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Talking, writing, educating, and change making in the field of fertility for more than twenty years

Are IVF Raffles Done Out of Compassion or Marketing?

On April 9th 2009 I  wrote my first blog about the practice of IVF Centers offering “IVF Raffles” as a marketing incentive to attract couples to their centers. That is almost three and half years ago.  To me, there has always been a built in “ick factor”.

Usually the contest involves the  infertile person or couple writing an essay about why they want a baby and are the most deserving to have one. These contests are often run around a speaking opportunity for the IVF Center.  It’s a marketing carrot, not compassion.  Compassion is offering quietly without radio ads and marketing speaking events. The deal is that usually couples are drawn into the center with the hope that they could get picked, and while they are there they are offered finance programs.  Yes, a lucky couple will win. And yes, no one can measure the joy that winning will mean to that couple. And yet…..

I hate contests when we have to measure the level of suffering and need.  Truly, how do you do that? What set of judges has the ability to discern levels of pain and suffering? Do you really want to be the person that picks who gets a chance at life? And that is exactly what we are talking about here – a chance at life.  Every time I see these contests – my stomach turns.  I did a Internet google search on the ethics of raffling off health care and I have come up empty handed in the past. No other field of medicine does this. I kept wondering why no one ever reported on this, until a few weeks when I was first contacted by a report at the New York Times for found my blog on IVF Raffles. He was damn interested.

That led to my quote in today’s  Sunday New York Times front page story, “IVF Clinic Raffles Could Make You a Winner and Maybe a Mother”. And now a national conversation that is way bigger than my blogs on the subject dating from so long ago! I love it. It’s about time. It is also wonderful that this is the week that The American Society of Reproductive Medicine is meeting in San Diego. What perfect timing. Shouldn’t ASRM’s Ethics Committee finally put this on their agenda?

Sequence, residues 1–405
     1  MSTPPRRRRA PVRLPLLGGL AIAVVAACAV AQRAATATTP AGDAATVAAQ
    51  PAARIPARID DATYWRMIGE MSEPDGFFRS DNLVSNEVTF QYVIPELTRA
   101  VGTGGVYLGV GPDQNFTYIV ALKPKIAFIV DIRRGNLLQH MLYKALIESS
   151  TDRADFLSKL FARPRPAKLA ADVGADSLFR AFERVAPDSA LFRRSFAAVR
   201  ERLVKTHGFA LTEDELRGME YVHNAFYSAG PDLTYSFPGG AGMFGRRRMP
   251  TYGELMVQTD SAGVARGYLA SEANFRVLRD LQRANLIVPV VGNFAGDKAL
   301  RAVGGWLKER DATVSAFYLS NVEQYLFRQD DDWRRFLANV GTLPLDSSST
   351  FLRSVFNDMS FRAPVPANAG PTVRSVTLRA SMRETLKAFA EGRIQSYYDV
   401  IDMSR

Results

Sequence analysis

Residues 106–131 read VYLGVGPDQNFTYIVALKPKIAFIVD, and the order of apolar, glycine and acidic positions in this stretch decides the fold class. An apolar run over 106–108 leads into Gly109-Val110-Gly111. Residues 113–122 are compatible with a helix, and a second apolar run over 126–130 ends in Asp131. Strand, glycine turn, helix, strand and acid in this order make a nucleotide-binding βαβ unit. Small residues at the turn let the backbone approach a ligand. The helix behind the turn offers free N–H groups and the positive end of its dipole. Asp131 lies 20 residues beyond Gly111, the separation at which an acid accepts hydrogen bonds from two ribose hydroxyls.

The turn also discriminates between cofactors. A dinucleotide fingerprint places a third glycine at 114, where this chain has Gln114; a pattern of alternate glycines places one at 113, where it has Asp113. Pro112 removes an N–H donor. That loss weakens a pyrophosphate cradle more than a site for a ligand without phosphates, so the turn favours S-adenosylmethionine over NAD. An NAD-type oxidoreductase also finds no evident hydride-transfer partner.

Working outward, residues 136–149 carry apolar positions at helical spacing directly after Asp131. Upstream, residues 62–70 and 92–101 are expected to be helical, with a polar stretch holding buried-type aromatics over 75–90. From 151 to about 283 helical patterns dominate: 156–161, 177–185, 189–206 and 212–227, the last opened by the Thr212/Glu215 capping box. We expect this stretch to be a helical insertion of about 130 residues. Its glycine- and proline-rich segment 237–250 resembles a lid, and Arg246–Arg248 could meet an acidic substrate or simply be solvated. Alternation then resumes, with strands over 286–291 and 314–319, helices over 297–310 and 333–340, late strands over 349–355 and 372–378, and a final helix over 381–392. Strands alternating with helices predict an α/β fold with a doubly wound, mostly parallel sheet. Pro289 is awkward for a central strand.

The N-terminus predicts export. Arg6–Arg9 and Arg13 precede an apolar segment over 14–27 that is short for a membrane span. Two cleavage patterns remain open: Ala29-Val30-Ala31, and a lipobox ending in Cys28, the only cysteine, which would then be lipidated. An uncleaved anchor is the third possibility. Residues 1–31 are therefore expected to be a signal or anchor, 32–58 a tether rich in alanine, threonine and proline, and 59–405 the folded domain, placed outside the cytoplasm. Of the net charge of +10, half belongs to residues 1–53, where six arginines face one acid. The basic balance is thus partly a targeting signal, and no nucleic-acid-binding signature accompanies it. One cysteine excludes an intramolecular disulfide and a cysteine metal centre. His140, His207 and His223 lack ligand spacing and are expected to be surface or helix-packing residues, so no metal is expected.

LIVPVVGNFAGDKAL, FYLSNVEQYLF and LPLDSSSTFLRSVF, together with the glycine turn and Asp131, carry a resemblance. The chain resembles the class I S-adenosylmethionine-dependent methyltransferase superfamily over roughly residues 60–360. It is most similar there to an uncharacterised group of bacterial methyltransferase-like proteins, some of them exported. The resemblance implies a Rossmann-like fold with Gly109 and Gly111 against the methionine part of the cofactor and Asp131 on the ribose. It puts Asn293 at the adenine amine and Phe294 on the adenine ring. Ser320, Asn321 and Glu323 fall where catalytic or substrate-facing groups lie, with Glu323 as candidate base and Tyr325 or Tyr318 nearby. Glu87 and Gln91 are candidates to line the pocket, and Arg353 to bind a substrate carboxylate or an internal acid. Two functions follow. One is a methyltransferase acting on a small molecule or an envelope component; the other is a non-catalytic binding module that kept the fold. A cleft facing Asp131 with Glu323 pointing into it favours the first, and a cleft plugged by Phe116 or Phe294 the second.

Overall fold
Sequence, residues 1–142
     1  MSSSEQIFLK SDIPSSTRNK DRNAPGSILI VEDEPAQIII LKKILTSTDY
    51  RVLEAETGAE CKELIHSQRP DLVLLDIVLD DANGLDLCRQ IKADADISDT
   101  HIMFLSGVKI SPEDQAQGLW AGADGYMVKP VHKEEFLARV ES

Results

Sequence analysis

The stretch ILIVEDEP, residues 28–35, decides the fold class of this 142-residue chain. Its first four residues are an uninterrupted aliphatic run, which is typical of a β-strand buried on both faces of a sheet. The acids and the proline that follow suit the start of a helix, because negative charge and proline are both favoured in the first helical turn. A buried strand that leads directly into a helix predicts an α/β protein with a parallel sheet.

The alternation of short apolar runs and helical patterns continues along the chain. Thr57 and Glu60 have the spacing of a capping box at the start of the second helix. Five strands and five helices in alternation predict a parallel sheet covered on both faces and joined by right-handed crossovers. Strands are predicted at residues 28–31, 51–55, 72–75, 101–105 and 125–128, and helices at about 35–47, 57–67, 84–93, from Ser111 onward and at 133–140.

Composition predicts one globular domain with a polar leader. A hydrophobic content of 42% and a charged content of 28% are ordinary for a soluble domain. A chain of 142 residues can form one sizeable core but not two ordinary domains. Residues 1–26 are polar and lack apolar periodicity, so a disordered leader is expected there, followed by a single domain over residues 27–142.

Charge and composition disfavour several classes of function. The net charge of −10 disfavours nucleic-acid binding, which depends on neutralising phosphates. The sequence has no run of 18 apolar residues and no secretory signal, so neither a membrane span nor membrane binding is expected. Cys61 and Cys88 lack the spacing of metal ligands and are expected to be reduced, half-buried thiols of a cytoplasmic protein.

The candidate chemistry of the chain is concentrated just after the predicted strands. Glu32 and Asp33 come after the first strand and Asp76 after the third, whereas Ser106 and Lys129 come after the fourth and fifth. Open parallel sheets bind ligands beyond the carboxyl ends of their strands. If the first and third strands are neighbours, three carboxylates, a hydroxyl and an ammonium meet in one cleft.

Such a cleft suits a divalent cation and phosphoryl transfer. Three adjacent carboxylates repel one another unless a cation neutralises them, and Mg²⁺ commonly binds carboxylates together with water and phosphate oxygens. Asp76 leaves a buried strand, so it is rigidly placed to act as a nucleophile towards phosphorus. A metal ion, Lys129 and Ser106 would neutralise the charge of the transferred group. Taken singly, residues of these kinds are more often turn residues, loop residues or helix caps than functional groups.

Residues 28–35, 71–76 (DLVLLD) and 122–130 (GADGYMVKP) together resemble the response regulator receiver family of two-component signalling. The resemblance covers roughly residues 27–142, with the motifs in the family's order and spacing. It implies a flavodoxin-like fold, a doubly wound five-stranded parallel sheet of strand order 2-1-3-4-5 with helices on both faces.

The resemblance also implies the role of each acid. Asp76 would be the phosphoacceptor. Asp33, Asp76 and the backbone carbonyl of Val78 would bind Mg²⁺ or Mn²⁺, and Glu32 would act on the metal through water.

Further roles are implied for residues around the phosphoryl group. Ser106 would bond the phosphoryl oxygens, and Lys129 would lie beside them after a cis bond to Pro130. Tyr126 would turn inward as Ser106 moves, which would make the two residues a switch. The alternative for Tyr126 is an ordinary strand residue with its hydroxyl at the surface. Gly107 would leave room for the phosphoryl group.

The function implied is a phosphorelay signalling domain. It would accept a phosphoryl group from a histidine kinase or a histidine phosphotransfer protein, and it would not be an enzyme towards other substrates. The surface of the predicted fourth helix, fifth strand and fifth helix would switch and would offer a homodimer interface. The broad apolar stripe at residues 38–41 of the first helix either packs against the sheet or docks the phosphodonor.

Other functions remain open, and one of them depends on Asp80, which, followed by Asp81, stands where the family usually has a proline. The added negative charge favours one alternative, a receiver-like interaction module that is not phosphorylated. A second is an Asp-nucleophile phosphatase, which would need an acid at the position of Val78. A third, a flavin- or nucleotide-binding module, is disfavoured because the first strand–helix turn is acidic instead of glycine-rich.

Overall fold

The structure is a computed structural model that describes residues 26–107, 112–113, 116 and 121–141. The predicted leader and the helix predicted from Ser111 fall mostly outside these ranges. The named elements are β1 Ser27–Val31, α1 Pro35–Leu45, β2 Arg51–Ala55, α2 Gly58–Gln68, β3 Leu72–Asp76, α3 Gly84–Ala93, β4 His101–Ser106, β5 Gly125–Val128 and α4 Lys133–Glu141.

I have always known that I could not possibly be the only person in the universe that is bothered by the fact and it is a fact, that  IVF Baby Raffles are done in the guise of helping couples who can’t afford IVF,  but it on it’s deepest of levels is a marketing event?

I have never in my life seen Cancer Treatment Centers offer raffles for life saving Chemo, or a raffle for a much need kidney.  People may work around a cause to raise money to help someone have the treatment that they need – but this is very different than a contest to win based at the amount of empathy they can elicit from the judges.

If IVF Centers want to give away cycles to couples in need – and really want to do it out of the goodness of their hearts – my suggestion is not to give interviews, put out press releases or put the patients on display. My advice is to do this with true compassion: do it quietly.

And it’s time for ASRM to take a look at this practice, and decide if they think it is truly ethical – or if they too feel that “Ick Factor”.

What are other bloggers saying?

Keiko Zoll says that this is a call for the passage of infertility coverage! For financial relief. For fairness not begging!  That this would not exist if infertility was covered like any other disease. I agree! Read what Keiko has to say!

What do you think? I would love to know!



About Pam Madsen
Talking, writing, educating and change making in the field of fertility for more than twenty years
1 comment on this postSubmit yours
  1. IVF raffles are one thing, but don’t help that many couples. Crowdfunded IVF could be a new way forward.

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